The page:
Saturday afternoon update: the latest runs are pushing the strongest gradients southward, which would lessen the strength of the storm from Olympia northward...more after the next runs....cliff
I waited to mention this issue on the blog, but it is now looking like we will have a significant wind event over the coast and western Washington on Monday, particularly during the morning.
The cause? A fairly deep low pressure system that is forecast to move across NW Washington and southern BC.
The models were all over the place yesterday, but today the European model, generally the most skillful, and the American GFS model are pretty much on the same page; this gives us more confidence in the forecast.
Although powerful, this system is NOT in the same class as the Inauguration Day Storm (1993) or the Chanukah Eve Storm (2006).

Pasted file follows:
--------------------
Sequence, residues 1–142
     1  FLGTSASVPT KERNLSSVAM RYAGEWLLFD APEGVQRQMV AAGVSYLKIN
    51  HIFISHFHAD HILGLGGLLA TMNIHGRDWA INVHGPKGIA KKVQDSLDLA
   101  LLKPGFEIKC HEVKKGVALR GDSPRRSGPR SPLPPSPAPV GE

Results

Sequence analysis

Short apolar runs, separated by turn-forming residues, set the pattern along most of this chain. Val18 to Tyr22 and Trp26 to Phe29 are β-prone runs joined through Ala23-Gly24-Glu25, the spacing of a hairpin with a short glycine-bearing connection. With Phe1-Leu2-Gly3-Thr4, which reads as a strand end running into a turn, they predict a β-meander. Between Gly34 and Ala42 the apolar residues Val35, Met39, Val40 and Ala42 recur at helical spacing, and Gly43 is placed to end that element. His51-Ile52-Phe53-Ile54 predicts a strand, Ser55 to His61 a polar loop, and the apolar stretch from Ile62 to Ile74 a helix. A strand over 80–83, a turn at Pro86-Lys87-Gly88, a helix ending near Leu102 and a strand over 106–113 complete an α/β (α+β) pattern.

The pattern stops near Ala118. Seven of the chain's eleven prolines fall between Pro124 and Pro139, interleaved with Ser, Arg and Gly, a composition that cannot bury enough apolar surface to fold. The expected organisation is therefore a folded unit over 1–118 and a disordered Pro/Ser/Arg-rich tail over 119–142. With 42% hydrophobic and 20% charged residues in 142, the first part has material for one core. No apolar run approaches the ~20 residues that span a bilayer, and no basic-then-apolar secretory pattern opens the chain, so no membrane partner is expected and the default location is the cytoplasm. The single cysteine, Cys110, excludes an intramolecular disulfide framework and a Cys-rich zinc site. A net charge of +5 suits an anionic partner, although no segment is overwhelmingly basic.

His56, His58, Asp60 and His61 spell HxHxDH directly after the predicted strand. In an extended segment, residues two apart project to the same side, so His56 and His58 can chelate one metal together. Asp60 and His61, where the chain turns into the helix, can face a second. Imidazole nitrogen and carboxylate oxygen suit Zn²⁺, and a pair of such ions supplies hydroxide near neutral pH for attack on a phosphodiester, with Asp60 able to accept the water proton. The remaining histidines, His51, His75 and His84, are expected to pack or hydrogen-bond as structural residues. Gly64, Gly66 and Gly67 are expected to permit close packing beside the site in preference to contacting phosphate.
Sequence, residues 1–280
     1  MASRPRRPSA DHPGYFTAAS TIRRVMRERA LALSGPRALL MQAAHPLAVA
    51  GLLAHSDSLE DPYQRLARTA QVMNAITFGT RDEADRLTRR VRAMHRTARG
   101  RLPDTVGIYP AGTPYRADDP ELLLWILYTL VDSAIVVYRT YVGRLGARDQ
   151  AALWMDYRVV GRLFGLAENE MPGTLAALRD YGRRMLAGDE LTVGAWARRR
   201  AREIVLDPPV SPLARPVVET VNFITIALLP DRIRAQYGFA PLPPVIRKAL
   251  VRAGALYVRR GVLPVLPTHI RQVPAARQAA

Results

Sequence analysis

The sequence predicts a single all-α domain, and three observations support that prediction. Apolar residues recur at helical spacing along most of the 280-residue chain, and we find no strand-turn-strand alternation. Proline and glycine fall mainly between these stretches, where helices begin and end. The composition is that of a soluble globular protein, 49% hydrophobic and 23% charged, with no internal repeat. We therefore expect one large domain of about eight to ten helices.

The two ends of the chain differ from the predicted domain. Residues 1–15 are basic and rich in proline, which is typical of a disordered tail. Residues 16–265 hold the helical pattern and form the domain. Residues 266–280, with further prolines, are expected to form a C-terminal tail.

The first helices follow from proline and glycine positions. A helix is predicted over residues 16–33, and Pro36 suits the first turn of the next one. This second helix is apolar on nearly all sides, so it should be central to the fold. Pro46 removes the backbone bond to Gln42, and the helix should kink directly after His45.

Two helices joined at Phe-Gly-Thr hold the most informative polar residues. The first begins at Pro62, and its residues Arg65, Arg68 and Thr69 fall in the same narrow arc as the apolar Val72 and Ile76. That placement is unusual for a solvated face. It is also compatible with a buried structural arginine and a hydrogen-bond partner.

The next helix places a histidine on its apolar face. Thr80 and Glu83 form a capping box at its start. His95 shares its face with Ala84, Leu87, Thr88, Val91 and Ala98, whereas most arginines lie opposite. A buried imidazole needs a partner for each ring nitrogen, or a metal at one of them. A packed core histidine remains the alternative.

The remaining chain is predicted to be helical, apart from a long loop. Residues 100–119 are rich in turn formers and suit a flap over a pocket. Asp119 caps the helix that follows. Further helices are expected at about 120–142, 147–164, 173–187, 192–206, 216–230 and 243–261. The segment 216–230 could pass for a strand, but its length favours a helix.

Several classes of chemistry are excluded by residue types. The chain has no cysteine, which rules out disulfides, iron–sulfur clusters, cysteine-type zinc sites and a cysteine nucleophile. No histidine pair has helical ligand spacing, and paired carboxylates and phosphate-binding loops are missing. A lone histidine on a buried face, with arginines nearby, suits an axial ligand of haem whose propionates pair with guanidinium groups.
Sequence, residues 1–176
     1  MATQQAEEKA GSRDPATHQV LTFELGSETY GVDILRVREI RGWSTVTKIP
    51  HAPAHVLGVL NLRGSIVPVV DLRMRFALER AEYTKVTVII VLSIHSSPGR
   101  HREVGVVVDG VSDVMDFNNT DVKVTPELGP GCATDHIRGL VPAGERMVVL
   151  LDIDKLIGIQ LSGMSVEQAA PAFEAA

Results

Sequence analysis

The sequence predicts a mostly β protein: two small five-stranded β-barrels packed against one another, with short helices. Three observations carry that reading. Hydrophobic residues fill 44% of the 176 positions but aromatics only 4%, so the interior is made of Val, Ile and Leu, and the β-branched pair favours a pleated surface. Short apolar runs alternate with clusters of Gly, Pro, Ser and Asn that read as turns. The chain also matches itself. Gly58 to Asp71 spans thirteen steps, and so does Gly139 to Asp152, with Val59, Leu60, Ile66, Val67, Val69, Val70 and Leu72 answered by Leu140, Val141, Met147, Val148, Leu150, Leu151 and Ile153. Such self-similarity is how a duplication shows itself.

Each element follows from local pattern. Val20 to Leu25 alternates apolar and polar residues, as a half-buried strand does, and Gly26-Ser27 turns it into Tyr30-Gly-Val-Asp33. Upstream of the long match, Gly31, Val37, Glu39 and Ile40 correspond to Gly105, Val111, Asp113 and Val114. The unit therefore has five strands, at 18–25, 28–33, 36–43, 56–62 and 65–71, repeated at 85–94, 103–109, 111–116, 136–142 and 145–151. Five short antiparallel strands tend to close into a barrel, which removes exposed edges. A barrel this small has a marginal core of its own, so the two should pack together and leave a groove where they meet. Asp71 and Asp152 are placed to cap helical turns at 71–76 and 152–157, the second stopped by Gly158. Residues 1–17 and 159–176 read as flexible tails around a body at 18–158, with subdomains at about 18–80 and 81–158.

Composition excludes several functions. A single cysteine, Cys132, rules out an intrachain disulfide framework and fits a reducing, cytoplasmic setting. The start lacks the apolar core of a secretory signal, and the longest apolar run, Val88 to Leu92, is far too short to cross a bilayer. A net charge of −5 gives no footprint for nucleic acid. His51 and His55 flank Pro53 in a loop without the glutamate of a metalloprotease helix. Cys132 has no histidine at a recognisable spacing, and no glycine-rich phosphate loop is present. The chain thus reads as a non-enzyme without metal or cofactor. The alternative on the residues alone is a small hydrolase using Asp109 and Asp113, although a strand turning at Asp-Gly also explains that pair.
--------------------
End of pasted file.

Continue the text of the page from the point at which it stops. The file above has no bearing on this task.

Here are the 12-km resolution runs (sea level pressure given by the solid lines) from the UW WRF model (driven by the NWS GFS model).
At Sunday at 10 PM a 976 hPa low is off Vancouver Island, with an intense pressure gradient (change in pressure with distance) west and south of the low.
At 1 PM on Monday, strong winds are found over much of western Washington, particularly over Puget Sound, through the Strait of Juan de Fuca, and along the coast. This is an example of a westerly wind surge through the Strait, following passage of a low-pressure system (I am writing a paper on this topic right now!)
And did I mention the snow ? Here is the 72-h snowfall forecast for the period ending 4 PM Monday. Two feet in much of the Cascades and Olympics, and significant snow in eastern Washington and Oregon. Even parts of the western lowlands gets a dusting! We have better snow conditions than anywhere else in the country. Forget Utah and Colorado...save your money and enjoy local skiing.